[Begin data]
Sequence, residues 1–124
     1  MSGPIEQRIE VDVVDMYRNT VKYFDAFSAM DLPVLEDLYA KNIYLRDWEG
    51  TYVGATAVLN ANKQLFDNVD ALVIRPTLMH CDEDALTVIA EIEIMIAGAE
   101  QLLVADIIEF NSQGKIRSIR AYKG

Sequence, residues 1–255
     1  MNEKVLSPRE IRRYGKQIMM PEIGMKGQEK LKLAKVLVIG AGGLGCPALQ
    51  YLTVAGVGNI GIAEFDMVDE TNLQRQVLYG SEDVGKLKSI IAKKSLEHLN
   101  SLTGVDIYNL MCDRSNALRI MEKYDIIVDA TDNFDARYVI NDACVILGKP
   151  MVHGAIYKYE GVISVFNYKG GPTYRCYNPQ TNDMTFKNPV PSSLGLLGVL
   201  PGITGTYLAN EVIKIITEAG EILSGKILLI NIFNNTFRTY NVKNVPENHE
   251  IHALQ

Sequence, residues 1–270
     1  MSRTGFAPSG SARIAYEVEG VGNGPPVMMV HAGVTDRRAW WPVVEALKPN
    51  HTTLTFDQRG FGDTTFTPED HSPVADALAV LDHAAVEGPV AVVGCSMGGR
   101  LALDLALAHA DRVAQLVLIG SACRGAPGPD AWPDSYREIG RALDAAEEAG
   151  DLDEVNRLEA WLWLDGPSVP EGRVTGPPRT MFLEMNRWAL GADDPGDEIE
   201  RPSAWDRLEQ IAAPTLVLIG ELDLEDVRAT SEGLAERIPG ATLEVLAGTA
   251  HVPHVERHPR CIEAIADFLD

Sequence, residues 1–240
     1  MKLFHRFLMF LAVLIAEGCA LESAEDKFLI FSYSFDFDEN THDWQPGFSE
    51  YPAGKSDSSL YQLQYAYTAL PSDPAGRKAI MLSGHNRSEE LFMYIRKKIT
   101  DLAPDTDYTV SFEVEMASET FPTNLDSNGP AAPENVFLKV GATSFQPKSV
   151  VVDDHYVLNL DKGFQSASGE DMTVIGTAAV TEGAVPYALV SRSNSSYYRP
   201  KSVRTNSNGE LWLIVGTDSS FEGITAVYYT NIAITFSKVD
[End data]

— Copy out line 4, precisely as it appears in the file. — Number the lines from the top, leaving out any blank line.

   101  QLLVADIIEF NSQGKIRSIR AYKG